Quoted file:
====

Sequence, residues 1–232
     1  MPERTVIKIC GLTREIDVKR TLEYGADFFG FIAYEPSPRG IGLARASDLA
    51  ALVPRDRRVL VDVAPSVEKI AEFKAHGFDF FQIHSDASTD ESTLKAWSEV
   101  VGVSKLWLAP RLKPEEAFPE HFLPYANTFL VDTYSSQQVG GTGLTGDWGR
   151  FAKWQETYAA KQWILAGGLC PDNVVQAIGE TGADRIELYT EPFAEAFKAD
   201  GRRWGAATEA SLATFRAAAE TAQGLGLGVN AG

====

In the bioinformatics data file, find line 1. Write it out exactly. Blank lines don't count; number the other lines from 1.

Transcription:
Sequence, residues 1–232